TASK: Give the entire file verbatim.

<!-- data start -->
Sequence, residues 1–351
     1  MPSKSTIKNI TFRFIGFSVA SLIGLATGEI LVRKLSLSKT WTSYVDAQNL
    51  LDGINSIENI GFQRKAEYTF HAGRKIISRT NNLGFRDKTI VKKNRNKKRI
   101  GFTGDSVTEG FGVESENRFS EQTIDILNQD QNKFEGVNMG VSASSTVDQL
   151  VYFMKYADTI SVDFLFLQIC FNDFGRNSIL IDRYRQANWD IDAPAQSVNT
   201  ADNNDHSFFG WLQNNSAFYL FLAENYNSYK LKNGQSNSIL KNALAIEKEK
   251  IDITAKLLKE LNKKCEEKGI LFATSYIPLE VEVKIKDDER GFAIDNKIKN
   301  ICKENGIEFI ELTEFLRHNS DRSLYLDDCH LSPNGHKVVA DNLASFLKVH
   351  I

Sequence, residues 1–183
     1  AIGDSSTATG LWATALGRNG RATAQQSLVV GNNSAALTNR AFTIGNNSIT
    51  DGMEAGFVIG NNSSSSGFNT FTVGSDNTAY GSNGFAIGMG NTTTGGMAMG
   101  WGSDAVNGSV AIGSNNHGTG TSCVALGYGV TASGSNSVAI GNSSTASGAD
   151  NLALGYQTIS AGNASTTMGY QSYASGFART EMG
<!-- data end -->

Sequence, residues 1–351
     1  MPSKSTIKNI TFRFIGFSVA SLIGLATGEI LVRKLSLSKT WTSYVDAQNL
    51  LDGINSIENI GFQRKAEYTF HAGRKIISRT NNLGFRDKTI VKKNRNKKRI
   101  GFTGDSVTEG FGVESENRFS EQTIDILNQD QNKFEGVNMG VSASSTVDQL
   151  VYFMKYADTI SVDFLFLQIC FNDFGRNSIL IDRYRQANWD IDAPAQSVNT
   201  ADNNDHSFFG WLQNNSAFYL FLAENYNSYK LKNGQSNSIL KNALAIEKEK
   251  IDITAKLLKE LNKKCEEKGI LFATSYIPLE VEVKIKDDER GFAIDNKIKN
   301  ICKENGIEFI ELTEFLRHNS DRSLYLDDCH LSPNGHKVVA DNLASFLKVH
   351  I

Sequence, residues 1–183
     1  AIGDSSTATG LWATALGRNG RATAQQSLVV GNNSAALTNR AFTIGNNSIT
    51  DGMEAGFVIG NNSSSSGFNT FTVGSDNTAY GSNGFAIGMG NTTTGGMAMG
   101  WGSDAVNGSV AIGSNNHGTG TSCVALGYGV TASGSNSVAI GNSSTASGAD
   151  NLALGYQTIS AGNASTTMGY QSYASGFART EMG